I am a geographer with research and teaching interests in agricultural landscape change, water resource management, climate change and environmental governance in the context of rural working landscapes; and the ways in which laws and institutions might evolve to better reflect changing geographies and facilitate social-ecological transformation when necessary.
My current research is focused on the human dimensions of forest and range management in the Pacific Northwest and the role collaborative conservation is playing in enhancing social-ecological resilience. I’m especially interested in human-wildlife interactions and strategies for reducing conflict and enhancing coexistence.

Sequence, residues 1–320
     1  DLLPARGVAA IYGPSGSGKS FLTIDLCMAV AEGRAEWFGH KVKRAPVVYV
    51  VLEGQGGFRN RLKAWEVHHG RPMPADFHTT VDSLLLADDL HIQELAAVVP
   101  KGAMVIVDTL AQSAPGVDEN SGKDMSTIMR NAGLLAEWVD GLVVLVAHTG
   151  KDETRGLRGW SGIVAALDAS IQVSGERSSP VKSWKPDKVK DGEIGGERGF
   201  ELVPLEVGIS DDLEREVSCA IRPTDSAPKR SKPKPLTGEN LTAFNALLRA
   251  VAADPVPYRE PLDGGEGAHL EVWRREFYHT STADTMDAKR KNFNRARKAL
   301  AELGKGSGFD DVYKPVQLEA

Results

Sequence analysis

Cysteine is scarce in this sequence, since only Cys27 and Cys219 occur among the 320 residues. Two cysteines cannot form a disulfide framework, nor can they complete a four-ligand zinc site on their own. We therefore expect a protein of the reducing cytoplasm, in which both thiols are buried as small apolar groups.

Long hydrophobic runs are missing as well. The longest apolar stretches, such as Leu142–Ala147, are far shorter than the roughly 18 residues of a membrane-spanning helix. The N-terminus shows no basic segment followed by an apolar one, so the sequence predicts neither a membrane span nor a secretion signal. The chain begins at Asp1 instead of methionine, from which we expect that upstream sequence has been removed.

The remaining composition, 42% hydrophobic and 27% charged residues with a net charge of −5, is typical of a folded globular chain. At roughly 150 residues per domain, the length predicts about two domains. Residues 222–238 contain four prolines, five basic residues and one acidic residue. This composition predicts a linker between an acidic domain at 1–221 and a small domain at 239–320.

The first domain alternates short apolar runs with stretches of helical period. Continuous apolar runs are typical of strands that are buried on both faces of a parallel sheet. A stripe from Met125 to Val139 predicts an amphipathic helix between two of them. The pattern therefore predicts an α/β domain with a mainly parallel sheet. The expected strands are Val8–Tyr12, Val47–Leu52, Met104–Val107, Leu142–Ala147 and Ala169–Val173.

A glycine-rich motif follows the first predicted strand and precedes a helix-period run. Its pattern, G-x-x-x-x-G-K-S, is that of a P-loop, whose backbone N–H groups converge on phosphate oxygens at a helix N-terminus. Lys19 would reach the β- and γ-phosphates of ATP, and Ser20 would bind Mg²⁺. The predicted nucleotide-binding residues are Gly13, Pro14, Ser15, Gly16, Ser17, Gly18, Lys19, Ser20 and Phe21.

Most of my research takes place in the U.S. West, but I’m also involved in comparative research in Australia and Kenya. I am a qualitative researcher committed to co-producing knowledge with people who have direct experience with natural resource management. One of the best parts of my job is working with and learning from creative, passionate, inquisitive graduate students.